There are several forms of military intelligence. The first is physical evidence reviewed to determine capability and deduce intention based on direct observations. This has its merits but when something is missed you wind up with a Pearl Harbor or a 9/11. The second is diplomatic intelligence where your ambassador and his embassy try to read the tea leaves and determine which way the wind is blowing. This is actually the modern equivalent of political haruspicy since these are politicians serving in political appointments opposite other politicians all of whom have been selected for their ability to dissemble. Finally we come to the modern intelligence agency which seeks to combine the first two. When it is successful it protects the nation and when it fails – either internally or externally – the failure is often catastrophic. The problem with Martin is that he tends to isolate the failures, demand that such institutions be dismantled as inherently corrupt and leave us naked before our enemies – it really doesn’t surprise us that many wonder if those with his point of view are in their service.
Wilderness of mirrors David C. Martin United States Central Intelligence Agency New York : Harper & Row, c 1980 Hardcover. 1st. ed. and printing. xiv, 236 p.,  leaves of plates : ill. ; 25 cm. Includes index. How the Byzantine intrigues of the secret war between the CIA and the KGB seduced and devoured key agents James Jesus Angleton and William King Harvey. Clean, tight and strong binding with clean dust jacket. No highlighting, underlining or marginalia in text. VG/VG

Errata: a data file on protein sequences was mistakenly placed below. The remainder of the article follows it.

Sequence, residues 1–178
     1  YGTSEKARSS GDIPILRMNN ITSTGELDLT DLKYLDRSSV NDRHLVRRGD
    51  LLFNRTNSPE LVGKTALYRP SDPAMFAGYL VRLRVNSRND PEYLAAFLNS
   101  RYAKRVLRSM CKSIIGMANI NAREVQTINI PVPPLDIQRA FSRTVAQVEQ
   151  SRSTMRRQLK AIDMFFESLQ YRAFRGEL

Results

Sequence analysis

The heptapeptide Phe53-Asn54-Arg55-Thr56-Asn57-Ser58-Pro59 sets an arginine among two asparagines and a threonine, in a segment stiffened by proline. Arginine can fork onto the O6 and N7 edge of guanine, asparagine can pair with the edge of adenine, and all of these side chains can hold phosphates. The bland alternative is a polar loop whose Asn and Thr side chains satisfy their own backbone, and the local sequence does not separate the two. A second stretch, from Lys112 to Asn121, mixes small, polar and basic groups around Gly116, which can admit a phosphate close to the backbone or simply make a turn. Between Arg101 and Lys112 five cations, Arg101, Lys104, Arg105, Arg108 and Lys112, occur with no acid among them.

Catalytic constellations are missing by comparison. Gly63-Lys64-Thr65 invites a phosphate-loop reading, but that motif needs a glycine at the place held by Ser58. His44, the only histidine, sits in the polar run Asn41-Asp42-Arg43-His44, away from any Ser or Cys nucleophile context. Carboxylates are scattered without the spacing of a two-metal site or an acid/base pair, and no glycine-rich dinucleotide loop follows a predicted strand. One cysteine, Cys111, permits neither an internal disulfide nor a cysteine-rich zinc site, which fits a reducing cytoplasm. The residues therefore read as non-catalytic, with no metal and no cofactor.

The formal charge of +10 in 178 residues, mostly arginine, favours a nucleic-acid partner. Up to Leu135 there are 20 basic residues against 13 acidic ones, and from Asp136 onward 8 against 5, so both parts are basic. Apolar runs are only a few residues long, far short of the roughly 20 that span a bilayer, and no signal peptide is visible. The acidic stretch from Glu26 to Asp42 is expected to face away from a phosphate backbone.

This book goes a long way toward explaining CIA’s intellectual and operational constipation in the 1950’s through the 1970’s. It follows James Jesus Angleton, who tied the Agency in knots and went so far as to privately tell the French that the CIA Station Chief in Paris was a Soviet spy, and William King Harvey, who literally carried two six-guns both in the US and overseas “because you never know when you might need them.”
Included in this book are some serious details about the operations against Cuba, a chapter appropriated titled “Murder Corrupts”, and a good account of how Harvey, in perhaps his most important achievement, smelled out the fact that Kim Philby was indeed a Soviet spy.
The concluding thought of the book is exceptional: “Immersed in duplicity and insulated by secrecy, they (Angleton and Harvey) developed survival mechanisms and behavior patterns that by any rational standard were bizarre. The forced inbreeding of secrecy spawned mutant deeds and thoughts. Loyalty demanded dishonesty, and duty was a thieves’ game. The game attracted strange men and slowly twisted them until something snapped. There were no winners or losers in this game, only victims.”